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Inline Skating Glossary

Stands for Annular Bearing Engineer Council. The ABEC-1, ABEC-3, ABEC-5 ratings you see for bearings are supposed to be indications that the bearings meet the stated ABEC specifications of a certain precision level. ABEC-5's are supposed to be fastest but there is yet no hard evidence that in real world situations that this is true.

These are those metal things inside the hub of your wheels. There's two per wheel. Inline skates currently use bearings that were already standard in the bearings industry, before inlines were popular. They are "608" bearings, indicating the inner (6mm) and outer diamters (8 mm).

bearing spacers:
These are those small parts that go in between your bearings so that the axles can go through your wheels. Most stock spacers are plastic, some may be metal. Hop-up kits provide metal ones. Some spacers may also be threaded (so that axles screw directly into the spacers instead of just passing through).

This is a wheel configuration used by many rail-sliders which has the larger wheels on the toe and heel positions, and the smaller wheels (like Lil' Roxx or Midgets) in the middle to allow the sliding to take place without the wheels being in the way.

bashing (stair bashing):
A synonym for stair riding. Also sometimes called "stair bumping".

Skating crossovers is simply skating along a curved path while still stroking. To do this, you have to cross the outer skate over the other one and hence the term "crossover". Done properly, a crossover will not only let you maintain your speed going into the turn, but also let you increase it to an extent. The turns that ice speedskaters do during the Olympics are all crossover turns. Figure skaters will often do backwards crossovers during their routines, and hockey players do a variety of both during games.

Durometer is an industry hardness rating for polyurethane, which is the primary wheel material. Ratings such as 78A or 85A are usually seen on wheels. The higher the rating the harder the wheel. 100 is the highest (although no skaters probably go beyond 92 or 95).

frame spacers:
These are those small parts on your skates that go between your wheels and the runners. Many skates have eccentric, oval shaped frame spacers so that you can flip them 180 degrees to rocker your skates.

A prefix used for any trick done backwards, as in a "fakie 360".

grind plates:
These are flat metal or hard plastic plates that are bolted on to runners for grinding and rail slides so that the original runners won't get shredded to pieces.

hop-up kits:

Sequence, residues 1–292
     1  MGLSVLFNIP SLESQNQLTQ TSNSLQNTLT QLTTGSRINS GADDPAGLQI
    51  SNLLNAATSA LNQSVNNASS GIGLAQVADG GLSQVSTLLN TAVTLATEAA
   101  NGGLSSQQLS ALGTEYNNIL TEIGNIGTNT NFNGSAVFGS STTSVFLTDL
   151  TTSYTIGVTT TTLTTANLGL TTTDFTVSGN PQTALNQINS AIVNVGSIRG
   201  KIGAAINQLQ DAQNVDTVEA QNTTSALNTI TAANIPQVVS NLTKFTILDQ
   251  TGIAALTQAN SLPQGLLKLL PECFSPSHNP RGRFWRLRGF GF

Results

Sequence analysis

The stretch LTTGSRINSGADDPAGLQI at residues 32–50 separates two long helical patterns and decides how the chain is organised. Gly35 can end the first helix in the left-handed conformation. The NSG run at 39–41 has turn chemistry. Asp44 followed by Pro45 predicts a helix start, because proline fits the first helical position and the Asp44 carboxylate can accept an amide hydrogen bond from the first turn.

Hop-up kits are simply upgrade kits that include frame spacers, bearing spacers, and axels. They're made of aluminium or brass or some other metal. Some incorporate threaded spacers too. The advantage in using hop-up kits is that you can crank down real hard on your wheels without compressing the spacers. The stock plastic spacers on most skates will compress or even crack if you do this a lot.

This means the entire skate (boot and runners) is manufacturered in one solid piece. This can produce a lot more stiffness in the skate, which may or may not be good, depending on your skating style and purpose.

rail slides:
This is a skating trick where you slide along a rail in various stances. Most often an anti-rocker or all-small-wheel setup is used in order to let the runners slide along the rail. It wears down plastic runners fairly quick so rail sliders usually put on grind-plates on their runners.

road rash:
Any scrapes, gashes or other injuries incurred from wiping out and sliding on pavement.

Rockering your skates means to arrange the wheel heights to approximate a curved (ice skate) blade. Normally this is done by raising the front and rear wheels slightly by flipping the frame spacers, or by lower the middle two wheels, or by doing both. Rocker provides for much more responsive turning at the cost of some stability.

Skitching comes from "skate hitching". Skitching is simply hanging on to some moving vehicle and letting it pull you along. Potentially dangerous of course.
stair riding:
This is a common skating stunt where you literally ride down a set of steps. It's bumpy, but with the proper stance and balance it's pretty fun. Always use protective gear when doing this!!!

wheel rotation:
Polyurethane wheels eventually wear down, but you can often extend the life of your wheels by flipping and/or rotating your wheels amongst themselves so that you can skate on the less-worn areas of your wheels.

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